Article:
The driver behaviour questionnaire in Arab Gulf countries: Qatar and United Arab Emirates

BENER A., ÖZKAN T., Lajunen T.

ACCIDENT ANALYSIS AND PREVENTION, vol.40, no.4, pp.1411-1417, 2008 (SSCI) identifier identifier identifier

  • Publication Type: Article / Article
  • Volume: 40 Issue: 4
  • Publication Date: 2008
  • Doi Number: 10.1016/j.aap.2008.03.003
  • Journal Indexes: Social Sciences Citation Index (SSCI), Scopus
  • Page Numbers: pp.1411-1417
  • Keywords: Driver Behaviour Questionnaire (DBQ), traffic accidents, Qatar, United Arab Emirates (UAE), ACCIDENT INVOLVEMENT, DRIVING BEHAVIORS, VIOLATIONS, ERRORS
  • Middle East Technical University Affiliated: Yes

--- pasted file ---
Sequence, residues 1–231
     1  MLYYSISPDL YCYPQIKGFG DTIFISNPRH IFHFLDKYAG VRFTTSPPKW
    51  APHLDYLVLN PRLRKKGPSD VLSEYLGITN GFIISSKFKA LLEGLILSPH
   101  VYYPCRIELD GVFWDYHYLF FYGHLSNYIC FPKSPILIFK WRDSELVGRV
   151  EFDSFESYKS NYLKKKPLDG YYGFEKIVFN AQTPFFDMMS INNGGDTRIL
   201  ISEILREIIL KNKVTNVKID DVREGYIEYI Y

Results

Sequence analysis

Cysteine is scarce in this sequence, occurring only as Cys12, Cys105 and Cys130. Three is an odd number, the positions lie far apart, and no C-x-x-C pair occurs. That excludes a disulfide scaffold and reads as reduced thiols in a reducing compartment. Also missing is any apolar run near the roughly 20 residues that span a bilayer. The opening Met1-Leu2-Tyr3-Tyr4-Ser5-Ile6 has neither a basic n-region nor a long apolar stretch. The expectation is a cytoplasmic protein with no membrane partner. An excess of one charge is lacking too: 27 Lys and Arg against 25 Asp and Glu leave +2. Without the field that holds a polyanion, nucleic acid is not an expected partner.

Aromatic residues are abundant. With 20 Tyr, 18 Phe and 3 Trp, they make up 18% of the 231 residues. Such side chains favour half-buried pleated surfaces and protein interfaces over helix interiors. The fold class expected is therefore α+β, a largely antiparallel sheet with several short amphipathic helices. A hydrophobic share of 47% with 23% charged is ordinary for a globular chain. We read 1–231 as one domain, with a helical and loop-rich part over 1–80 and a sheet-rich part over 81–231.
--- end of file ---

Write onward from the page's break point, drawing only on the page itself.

Manchester Driver Behaviour Questionnaire (DBQ) is one of the most widely used instruments for measuring self-reported driving style and investigating the relationship between driving behaviour and accident involvement. In spite of the fact that Arab Gulf countries have a higher road accident fatality rate compared to European countries and USA, the DBQ has not been used in Arab countries so far. The aim of the present study was to investigate the factor structure of the DBQ, then to examine the relationships between the factors of the DBQ and accident involvement, and finally to compare DBQ scores between the two gulf countries: Qatar and United Arab Emirates (UAE). In this study, 1110 Qatari (263 females and 847 males) and 1286 UAE drivers (294 females and 992 males) filled a survey questionnaire including the DBQ and background information. The results showed that UAE drivers scored higher on almost all DBQ items than Qatari drivers. Surprisingly, only very small differences between men and women on the DBQ item scores were found in UAE. Factor analysis, resulted in four factors, which were named as errors, pushing-speeding violations, lapses, and aggression-speeding violations. However, there were a number of differences in the factor structure of the DBQ in UAE and Qatar when compared to the theoretical four-factor structure of the DBQ Reliabilities of some subscales were also questionably lower than in the original British data. Logistic regression analyses showed that errors, lapses, and aggression-speeding violations predicted accident involvement in Qatar but not in UAE after controlling the effect of the demographic variables (age, sex, and annual mileage). (c) 2008 Elsevier Ltd. All rights reserved.